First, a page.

I don't know Japanese, however the word "Horaisan" is of deep interest to me.

I've learned that it comes from Horai, the mythical mountain which is similar to the Garden of Eden myth in Japanese mythology. Horaisan is used to refer to the part of a garden which is inaccessible but visible.

Is there any deeper etymology for the naming of Horai? Does it come from anything? Like "distant" or "bounding" or "inaccessible" or so?

The Japanese original rendering is: 蓬莱 (Hōrai ほうらい)

  • 3
    – macraf
    Commented Jul 4, 2018 at 11:13
  • I've seen this page, there's nothing on it about the etymology of Horai. Commented Jul 4, 2018 at 11:20
  • 1
    But there is a clear information that the name in its unaltered form comes from Chinese. So this is the etymology; loanword or whatever you call it for proper nouns. For further details, you might be asking on a wrong site.
    – macraf
    Commented Jul 4, 2018 at 11:20
  • @ChristopherDone Chinese 'Penglai' is read in Japanese as 'Hourai'.
    – Sjiveru
    Commented Jul 4, 2018 at 13:33

1 Answer 1


「[蓬萊]{Hōrai}」is actually the wholesale assignment of the name of a Chinese mythological location to a superficially similar but quite distinct Japanese legend. It may otherwise be called「蓬萊山」(lit. Mount Hōrai) or abbreviated as「蓬山」; this name is due to the Chinese legendary location being a mountain hosting the Eight Immortals.

Some of its earliest appearances in Japanese literature include Nihon Shoki and the lost work 『[丹後國風土記]{Tango no kuni fudoki}』, a Fudoki on Tango Province written during the Nara Period. Quote from the opening text of Tango no kuni fudoki:






(My own translation given below.)

Yosa District.

Township of Hioki.

There was a village named Tsutsukawa. A man named Tsutsukawa no Shimako lived here, who was the ancestor of the chiefs of the Kusakabe Clan. He was peerless in his grace and elegance. Thus, he was known as Mizunoe no Urashimako. The contents of this record are the same given as that by the official Iyobe no Umakai, and it is declared that this is a summary.

During the Reign of Emperor Yūryaku, one day Shimako boarded a small boat alone and drifted out to sea to do some fishing. After three days and three nights passed, he did not catch one fish, but finally caught a five-coloured turtle. He thought this was very peculiar, and took the turtle in his boat and went to go to bed, when suddenly it turned into a woman, whose beauty was second to none.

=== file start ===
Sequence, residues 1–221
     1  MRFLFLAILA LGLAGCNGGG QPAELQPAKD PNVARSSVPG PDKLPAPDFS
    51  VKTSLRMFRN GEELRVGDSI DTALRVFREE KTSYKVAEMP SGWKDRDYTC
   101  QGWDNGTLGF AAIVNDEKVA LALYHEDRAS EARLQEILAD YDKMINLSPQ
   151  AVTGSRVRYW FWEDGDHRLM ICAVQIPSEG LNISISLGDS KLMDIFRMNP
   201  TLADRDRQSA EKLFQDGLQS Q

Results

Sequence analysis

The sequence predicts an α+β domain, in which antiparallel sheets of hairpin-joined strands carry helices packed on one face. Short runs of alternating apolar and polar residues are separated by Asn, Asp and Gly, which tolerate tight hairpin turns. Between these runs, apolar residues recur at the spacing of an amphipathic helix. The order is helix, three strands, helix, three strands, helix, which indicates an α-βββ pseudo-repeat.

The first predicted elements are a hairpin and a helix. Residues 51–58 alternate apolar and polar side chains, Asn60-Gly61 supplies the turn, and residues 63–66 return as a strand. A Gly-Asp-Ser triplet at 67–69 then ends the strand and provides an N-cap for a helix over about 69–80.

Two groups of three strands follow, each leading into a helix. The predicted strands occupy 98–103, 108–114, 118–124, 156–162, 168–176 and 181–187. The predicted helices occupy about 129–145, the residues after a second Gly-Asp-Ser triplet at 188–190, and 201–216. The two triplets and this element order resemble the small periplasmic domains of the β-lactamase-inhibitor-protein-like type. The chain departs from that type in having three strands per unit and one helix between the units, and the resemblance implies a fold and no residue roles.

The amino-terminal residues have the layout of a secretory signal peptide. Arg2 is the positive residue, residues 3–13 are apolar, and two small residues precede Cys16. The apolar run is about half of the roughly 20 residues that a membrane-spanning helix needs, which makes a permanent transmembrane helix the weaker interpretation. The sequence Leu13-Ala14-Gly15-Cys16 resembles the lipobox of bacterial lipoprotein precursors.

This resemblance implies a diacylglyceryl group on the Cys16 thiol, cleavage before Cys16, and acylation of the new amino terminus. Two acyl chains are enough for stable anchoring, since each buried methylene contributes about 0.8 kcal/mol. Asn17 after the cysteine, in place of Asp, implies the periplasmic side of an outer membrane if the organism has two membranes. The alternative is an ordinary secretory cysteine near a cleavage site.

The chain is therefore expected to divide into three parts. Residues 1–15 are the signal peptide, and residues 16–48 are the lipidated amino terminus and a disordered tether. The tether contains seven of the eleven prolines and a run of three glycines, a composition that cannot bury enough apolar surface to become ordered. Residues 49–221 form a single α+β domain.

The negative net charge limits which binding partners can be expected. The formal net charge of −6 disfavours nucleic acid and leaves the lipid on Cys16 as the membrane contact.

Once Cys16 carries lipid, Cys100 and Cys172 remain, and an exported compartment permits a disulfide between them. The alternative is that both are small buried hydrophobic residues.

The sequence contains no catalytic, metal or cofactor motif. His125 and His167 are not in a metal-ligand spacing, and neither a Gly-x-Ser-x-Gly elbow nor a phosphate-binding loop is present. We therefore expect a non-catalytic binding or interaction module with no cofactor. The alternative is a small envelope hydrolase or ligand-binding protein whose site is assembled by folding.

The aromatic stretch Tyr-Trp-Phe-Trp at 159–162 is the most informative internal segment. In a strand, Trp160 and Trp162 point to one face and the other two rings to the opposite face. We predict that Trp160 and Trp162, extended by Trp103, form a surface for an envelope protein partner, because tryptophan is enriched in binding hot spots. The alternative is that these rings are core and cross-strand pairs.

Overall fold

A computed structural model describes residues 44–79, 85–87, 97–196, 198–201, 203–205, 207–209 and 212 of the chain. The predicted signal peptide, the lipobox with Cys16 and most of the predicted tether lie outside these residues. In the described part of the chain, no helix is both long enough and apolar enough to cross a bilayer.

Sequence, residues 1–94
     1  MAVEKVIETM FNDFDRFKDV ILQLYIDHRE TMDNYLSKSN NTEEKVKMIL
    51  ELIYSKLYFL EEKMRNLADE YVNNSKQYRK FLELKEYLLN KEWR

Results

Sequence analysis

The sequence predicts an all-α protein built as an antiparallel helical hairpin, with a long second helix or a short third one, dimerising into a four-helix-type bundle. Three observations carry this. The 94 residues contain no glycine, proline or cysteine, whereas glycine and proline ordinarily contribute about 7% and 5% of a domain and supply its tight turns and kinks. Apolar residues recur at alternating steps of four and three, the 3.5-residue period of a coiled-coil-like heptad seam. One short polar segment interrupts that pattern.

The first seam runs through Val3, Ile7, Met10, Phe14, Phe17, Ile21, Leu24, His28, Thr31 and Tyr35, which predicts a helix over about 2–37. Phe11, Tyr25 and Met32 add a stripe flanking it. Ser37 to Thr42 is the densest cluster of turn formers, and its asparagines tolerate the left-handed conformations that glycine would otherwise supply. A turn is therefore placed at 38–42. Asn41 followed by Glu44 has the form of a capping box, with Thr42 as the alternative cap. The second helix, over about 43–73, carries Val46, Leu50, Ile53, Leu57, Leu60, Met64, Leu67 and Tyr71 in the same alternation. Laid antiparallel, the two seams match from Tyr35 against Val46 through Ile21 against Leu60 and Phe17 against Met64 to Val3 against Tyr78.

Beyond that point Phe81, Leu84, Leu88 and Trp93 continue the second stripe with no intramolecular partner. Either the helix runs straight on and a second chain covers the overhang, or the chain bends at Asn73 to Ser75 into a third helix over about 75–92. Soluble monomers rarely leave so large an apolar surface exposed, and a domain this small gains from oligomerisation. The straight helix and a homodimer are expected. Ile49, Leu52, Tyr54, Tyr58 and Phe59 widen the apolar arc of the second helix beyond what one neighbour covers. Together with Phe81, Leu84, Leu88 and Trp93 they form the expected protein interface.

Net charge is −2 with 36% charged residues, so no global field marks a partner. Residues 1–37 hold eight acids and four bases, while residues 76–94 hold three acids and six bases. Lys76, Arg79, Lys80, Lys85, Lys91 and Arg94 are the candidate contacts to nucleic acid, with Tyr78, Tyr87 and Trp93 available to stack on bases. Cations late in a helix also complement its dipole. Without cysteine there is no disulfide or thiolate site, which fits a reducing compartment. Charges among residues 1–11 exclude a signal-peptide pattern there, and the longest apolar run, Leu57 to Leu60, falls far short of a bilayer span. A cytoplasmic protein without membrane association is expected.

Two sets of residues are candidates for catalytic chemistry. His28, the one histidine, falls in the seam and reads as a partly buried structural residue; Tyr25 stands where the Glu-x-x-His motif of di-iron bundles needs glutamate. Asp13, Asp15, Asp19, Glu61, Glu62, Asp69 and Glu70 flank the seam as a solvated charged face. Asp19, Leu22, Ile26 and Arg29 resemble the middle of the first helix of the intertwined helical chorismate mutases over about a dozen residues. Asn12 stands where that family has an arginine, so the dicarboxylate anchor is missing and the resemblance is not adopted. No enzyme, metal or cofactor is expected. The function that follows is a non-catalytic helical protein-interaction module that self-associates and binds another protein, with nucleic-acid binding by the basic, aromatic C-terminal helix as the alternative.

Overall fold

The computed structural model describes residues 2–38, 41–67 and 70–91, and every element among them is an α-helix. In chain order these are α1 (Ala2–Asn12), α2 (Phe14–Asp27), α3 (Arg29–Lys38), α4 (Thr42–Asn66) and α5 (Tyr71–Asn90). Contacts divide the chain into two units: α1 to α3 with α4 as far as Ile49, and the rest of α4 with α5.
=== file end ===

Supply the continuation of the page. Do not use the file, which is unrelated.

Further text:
Shimako asked the woman in surprise: "This place is far from the homes of people, and there is no-one out on the sea. How did you suddenly appear?" The young lady smiled, replying: "A graceful and elegant man, drifting alone out in the blue sea. I could not see this and resist approaching and talking to you, and rode the wind and clouds to come." Shimako replied, asking: " Where did the wind and clouds come from?" The lady replied: "From the immortal people in heaven. Please don't be suspicious. Let's talk and love together." After Shimako found out that the lady was a goddess, his suspicions were gone. The lady spoke: "I want to pledge myself to you, from heaven to earth, until the end of time. What are your thoughts about this?" Shimako replied: "I have nothing to add; do you have any reservations?" The lady replied: "Turn the boat around, and let us journey to 蓬山." Shimako complied.

By most interpretations,「蓬山」is supposed to be read as「[常世の國]{Tokoyo no Kuni}」, which is a realm in Traditional Japanese mythology of everlasting life somewhere out in the distant sea. In the majority of records to do with specifically Japanese mythology, the name or characters「蓬山」(and similarly「蓬萊」,「蓬萊山」) are borrowed for this purpose due to their superficially similar idea to the Chinese Penglai, but there isn't an actual mythological connection between Penglai and Hōrai.

The superficial connection can be seen if one reads the texts behind Chinese Penglai. Quote from the Classic of Mountains and Seas, a mythological geography account of pre-Qin China:


Mount Penglai, in the middle of the sea Guo Pu notes: "On the mountain resides Immortals and their palaces are made of gold and jade. The birds and beasts there are completely white. To stare at the mountain is like gazing at clouds. It is located in the middle of the Bohai Sea."

Linguistically, there is a striking similarity between 「蓬萊」(Old Chinese: /*boːŋ rɯː/) and several words for sea/ocean in some Southeast Asian languages (Burmese and Jingpho: panglai, Shan: paaŋ2 laaj2).

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